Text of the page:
But the backlash wouldn’t die down. Attempting to respond to the growing outrage, Facebook announced changes. “It’s Time to Make Our Privacy Tools Easier to Find”, the company announced without a hint of irony—or any other kind of hint—that Zuckerberg had promised to do just that in the “coming few weeks” eight full years ago. On the company blog, Facebook’s chief privacy editor wrote that instead of being “spread across nearly 20 different screens” (why were they ever spread all over the place?), the controls would now finally be in one place.

Sadly, this has nothing to do with users or community:

As far as I can tell, not once in his apology tour was Zuckerberg asked what on earth he means when he refers to Facebook’s 2 billion-plus users as “a community” or “the Facebook community.” A community is a set of people with reciprocal rights, powers, and responsibilities. If Facebook really were a community, Zuckerberg would not be able to make so many statements about unilateral decisions he has made—often, as he boasts in many interviews, in defiance of Facebook’s shareholders and various factions of the company’s workforce. Zuckerberg’s decisions are final, since he controls all the voting stock in Facebook, and always will until he decides not to—it’s just the way he has structured the company.

Tim Wu argues that we need to replace Facebook with a trustworthy platform not driven by survelliance and advertising:

If today’s privacy scandals lead us merely to install Facebook as a regulated monopolist, insulated from competition, we will have failed completely. The world does not need an established church of social media.

Quoted Flourish: A Visionary New Understanding of Happiness and Well-being by Martin E. P. Seligman (via Google Books)

Along with creative developments in gaming, Facebook seems like a natural for measuring flourishing. Facebook has the audience, the capacity, and is building apps (applications) that speak to the development and measurement of well-being worldwide. Can well-being be monitored on a daily basis all over the world? Here’s a beginning: Mark Slee counted the occurrences of the term laid off in Facebook every day and graphed the count against the number of layoffs worldwide. Sure enough, they moved in lockstep. Not thrilling, you might think.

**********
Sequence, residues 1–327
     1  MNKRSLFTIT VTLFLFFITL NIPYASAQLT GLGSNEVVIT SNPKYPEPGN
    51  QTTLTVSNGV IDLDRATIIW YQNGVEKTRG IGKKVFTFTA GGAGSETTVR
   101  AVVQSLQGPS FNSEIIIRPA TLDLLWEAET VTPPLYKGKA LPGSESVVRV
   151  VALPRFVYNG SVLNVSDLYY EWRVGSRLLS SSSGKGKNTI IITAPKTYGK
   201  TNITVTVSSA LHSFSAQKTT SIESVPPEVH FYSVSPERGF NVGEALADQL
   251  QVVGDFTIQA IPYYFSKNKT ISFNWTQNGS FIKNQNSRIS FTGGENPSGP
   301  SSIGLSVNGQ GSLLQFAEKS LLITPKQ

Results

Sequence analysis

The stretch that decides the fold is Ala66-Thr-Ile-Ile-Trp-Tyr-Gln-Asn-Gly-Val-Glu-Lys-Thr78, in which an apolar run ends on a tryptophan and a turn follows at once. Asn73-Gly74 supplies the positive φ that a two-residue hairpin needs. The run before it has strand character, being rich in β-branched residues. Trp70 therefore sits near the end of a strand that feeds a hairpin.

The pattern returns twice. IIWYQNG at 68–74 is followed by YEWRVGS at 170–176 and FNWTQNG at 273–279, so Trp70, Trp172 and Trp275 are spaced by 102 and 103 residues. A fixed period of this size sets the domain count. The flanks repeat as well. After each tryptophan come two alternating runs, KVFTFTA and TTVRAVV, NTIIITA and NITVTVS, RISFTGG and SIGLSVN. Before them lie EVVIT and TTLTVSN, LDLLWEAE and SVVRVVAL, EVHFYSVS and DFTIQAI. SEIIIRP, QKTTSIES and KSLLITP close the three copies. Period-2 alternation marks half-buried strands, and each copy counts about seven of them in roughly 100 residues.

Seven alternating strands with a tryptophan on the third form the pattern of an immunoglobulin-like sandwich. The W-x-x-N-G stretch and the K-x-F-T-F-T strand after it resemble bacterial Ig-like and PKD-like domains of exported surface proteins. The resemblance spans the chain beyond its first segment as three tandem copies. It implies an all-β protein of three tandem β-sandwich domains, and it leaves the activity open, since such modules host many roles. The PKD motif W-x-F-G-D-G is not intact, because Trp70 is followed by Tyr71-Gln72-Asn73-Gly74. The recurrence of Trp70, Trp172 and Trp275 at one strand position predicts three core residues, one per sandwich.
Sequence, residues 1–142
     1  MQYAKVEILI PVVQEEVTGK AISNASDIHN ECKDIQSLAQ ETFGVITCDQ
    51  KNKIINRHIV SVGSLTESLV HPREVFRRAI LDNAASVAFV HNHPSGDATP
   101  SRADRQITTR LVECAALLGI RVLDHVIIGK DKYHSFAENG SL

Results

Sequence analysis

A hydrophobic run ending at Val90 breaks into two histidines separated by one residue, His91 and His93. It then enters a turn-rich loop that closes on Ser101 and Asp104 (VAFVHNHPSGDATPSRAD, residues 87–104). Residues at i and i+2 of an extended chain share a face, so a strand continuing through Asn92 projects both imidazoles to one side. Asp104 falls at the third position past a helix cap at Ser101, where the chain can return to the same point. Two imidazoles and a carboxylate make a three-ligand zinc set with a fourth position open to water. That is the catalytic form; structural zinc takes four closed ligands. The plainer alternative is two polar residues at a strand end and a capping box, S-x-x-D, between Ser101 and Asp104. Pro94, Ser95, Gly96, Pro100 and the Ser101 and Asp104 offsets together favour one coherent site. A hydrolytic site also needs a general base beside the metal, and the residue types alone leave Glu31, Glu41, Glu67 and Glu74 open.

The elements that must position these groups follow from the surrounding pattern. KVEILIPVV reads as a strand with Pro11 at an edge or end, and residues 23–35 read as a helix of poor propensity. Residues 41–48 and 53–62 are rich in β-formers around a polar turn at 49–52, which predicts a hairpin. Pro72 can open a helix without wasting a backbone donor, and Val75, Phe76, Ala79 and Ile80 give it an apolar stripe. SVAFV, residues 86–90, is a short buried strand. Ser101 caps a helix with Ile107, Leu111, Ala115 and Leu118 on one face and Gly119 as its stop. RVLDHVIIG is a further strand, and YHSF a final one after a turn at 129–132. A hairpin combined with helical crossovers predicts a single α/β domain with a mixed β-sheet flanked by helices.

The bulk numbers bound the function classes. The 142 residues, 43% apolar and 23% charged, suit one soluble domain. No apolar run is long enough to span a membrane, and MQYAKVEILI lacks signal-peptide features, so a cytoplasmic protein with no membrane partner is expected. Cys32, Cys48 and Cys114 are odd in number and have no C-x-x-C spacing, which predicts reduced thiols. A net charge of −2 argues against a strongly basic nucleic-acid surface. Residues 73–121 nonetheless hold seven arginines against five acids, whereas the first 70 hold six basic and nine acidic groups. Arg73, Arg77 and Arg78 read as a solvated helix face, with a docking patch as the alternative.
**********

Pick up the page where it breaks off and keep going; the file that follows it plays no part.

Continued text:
But now consider the five elements of well-being: positive emotion, engagement, meaning, positive relationships, and accomplishment. Each element has a lexicon; an extensive vocabulary. For example, the English language has only about eighty words to describe positive emotion. (You can determine this by going to a thesaurus for a word such as joy and then looking up all the related words, and then counting the synonyms of all those related words, eventually circling back to the core of eighty.) The hypermassive Facebook database could be accessed daily for a count of positive emotion words—words that signal meaning, positive relationships, and accomplishment—as a first approximation to well-being in a given nation or as a function of some major event.

It is not only measuring well-being that Facebook and its cousins can do, but increasing well-being as well. “We have a new application: goals.com,” Mark continued. “In this app, people record their goals and their progress toward their goals.”